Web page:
HomeLocal NewsI’m now principal — Ncube declares

I’m now principal — Ncube declares


Newly-elected MDC president Welshman Ncube on Tuesday declared he was now the principal of the party and would soon be “drinking tea” beside President Robert Mugabe and Prime Minister Morgan Tsvangirai in the inclusive government.

Although he said Deputy Prime Minister Arthur Mutambara would remain in his position in government, “unless the party chooses otherwise”, Ncube declared that as the leader of his party, he would deal with all issues to do with principals in the Global Political Agreement (GPA).

“Being Deputy Prime Minister does not necessarily mean that one remains a principal,” said Ncube.

“Principals are principals and they are the leaders of the parties. That means that the principals that we now have are (President) Mugabe, (PM) Tsvangirai and Welshman Ncube.”

Ncube said as DPM, Mutambara would be carrying out functions related to the government while he (Ncube) would be in charge of party business.

“This is the norm all over the world. In some countries you even have a president plucking a technocrat to be a prime minister,” he said.

“Even here (in Zimbabwe), at one time we had Nkosana Moyo (in 2000) taken from outside political party structures so that he could implement an industrial policy agreed by government. The DPM will therefore deal with specific issues in government.”

Ncube rose unchallenged to the helm of the MDC-M at the party’s national congress at the weekend after securing the nomination of 12 provinces.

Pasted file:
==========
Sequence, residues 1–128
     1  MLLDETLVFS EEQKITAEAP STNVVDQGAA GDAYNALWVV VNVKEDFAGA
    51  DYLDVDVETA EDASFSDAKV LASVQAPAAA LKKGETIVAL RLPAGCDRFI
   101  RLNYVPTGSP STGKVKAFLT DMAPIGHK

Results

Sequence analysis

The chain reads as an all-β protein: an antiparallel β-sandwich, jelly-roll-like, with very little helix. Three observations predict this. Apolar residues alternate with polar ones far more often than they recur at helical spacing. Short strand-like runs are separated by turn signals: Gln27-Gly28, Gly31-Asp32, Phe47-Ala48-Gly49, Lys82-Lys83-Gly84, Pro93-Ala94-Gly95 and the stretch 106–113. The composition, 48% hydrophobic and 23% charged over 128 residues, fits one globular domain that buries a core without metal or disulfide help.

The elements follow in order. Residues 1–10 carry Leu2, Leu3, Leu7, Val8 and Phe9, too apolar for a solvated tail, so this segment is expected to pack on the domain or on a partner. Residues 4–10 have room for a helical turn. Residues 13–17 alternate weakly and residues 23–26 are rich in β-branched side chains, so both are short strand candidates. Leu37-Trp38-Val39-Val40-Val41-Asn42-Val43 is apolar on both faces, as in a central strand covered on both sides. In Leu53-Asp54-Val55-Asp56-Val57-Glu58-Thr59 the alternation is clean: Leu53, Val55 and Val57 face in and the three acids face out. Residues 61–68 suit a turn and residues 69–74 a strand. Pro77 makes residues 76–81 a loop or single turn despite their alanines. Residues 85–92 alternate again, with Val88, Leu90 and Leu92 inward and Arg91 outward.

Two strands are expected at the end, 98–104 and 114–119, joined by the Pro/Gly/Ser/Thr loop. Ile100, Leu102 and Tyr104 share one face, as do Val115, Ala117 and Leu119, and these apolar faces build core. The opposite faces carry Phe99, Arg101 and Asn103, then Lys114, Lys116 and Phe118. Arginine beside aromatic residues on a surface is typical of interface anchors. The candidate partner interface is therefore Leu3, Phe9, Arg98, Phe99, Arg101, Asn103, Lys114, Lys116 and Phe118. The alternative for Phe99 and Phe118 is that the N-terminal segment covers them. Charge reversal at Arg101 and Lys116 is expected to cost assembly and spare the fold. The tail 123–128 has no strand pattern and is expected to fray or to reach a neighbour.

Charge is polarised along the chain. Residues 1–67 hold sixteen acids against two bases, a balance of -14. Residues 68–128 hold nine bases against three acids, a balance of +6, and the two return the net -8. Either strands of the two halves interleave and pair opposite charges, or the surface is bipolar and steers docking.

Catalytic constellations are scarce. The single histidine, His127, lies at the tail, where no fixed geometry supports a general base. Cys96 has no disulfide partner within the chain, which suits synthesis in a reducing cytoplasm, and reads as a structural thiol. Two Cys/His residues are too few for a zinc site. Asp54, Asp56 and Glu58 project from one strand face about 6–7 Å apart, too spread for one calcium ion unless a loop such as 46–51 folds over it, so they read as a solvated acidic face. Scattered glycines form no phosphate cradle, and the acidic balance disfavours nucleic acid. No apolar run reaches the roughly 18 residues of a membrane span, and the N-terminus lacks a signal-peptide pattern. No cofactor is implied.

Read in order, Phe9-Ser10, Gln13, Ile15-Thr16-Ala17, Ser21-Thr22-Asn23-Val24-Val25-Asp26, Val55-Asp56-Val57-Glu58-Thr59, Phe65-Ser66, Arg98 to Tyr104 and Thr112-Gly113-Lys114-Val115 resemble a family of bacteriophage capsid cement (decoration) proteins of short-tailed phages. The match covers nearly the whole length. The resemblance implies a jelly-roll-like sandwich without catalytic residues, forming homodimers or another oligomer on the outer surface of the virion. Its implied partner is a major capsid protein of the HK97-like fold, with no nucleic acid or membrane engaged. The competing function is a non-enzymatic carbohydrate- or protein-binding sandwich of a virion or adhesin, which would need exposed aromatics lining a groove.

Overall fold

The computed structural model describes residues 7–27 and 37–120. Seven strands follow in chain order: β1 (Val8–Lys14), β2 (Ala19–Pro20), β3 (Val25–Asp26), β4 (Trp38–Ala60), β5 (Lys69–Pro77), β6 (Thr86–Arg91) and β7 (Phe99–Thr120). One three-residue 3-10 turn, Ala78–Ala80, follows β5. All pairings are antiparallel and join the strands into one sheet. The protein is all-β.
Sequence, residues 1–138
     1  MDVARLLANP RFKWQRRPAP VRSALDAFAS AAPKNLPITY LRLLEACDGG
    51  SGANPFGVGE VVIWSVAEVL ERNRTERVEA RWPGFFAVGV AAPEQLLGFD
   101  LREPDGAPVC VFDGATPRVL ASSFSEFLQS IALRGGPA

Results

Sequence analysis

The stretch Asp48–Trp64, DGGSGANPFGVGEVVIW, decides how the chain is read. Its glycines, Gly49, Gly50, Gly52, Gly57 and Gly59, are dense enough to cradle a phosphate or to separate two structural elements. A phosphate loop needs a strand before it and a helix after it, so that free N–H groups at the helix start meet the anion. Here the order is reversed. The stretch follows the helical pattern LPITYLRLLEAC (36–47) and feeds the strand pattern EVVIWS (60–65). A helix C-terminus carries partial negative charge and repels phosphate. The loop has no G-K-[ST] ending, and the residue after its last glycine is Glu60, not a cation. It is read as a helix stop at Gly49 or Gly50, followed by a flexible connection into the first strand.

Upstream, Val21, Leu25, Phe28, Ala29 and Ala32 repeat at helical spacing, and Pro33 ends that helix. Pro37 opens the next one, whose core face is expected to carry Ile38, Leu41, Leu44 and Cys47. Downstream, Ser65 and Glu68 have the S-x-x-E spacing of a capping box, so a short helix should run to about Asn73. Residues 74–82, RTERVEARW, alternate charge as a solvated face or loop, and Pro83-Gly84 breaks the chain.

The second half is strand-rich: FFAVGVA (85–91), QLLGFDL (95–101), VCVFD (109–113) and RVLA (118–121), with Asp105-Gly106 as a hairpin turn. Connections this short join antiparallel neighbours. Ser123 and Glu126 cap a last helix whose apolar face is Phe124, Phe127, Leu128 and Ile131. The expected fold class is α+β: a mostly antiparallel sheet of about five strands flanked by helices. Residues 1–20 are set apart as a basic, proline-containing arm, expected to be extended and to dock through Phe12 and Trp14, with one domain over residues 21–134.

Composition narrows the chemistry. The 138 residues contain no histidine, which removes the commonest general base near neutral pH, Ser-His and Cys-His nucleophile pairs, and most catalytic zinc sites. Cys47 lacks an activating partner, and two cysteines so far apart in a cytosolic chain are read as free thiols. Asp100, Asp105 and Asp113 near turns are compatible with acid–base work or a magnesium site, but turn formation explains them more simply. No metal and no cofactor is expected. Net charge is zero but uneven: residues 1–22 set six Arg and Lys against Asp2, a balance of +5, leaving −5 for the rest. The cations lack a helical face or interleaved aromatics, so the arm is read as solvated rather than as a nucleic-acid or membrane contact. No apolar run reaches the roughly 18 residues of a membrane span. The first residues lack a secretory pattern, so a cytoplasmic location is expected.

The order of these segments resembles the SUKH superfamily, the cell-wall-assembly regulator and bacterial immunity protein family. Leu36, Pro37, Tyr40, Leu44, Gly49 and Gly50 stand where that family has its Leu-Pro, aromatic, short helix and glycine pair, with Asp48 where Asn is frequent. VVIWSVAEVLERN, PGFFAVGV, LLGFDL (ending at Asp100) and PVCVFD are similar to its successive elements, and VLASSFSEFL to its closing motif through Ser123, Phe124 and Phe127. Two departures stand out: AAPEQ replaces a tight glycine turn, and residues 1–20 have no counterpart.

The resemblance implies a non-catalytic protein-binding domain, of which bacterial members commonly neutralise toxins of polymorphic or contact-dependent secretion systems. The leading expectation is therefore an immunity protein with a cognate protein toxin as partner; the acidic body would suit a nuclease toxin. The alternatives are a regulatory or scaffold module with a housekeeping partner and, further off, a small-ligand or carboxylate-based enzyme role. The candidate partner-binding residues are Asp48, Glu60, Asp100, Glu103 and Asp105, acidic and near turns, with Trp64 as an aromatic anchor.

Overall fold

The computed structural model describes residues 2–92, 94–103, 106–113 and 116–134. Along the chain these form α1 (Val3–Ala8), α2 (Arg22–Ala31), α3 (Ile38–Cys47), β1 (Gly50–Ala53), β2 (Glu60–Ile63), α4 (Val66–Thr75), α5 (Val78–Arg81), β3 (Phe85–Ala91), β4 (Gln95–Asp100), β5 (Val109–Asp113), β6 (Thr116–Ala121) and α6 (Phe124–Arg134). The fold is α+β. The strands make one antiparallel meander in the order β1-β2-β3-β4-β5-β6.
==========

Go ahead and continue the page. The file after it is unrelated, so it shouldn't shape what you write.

He took over from Mutambara, whom he invited to lead the party after the split of the united MDC in 2005 over participation in senate polls called for by the powers-that-be then.

Mutambara pulled out of the presidential race a few weeks before the congress, but by then, it had become crystal clear that he would not retain the top post.

As a principal, Ncube said he would strive to ensure that the three parties who signed the GPA honoured the pact.

He said he would also work towards creating an environment where free and fair elections could be held.

Ncube said he was a different person from Mutambara and would handle issues differently from his predecessor although the party’s policies would remain the same.

Mutambara was widely seen as being too close to President Mugabe although he often said he was the voice of reason among the principals.

“We are different persons,” said Ncube. “We have different personalities and a different temperament. There are lots of areas where we are different, but the party’s policies will remain the same. There will, however, be a shift in style.”

Ncube said his party held the balance of power in the GPA since neither MDC-T nor Zanu PF had an absolute majority.

He said the party would use that strength to ensure that only productive policies were pursued by the government.

He said the party would be fair-minded in dealing with issues and not merely side with one political party.

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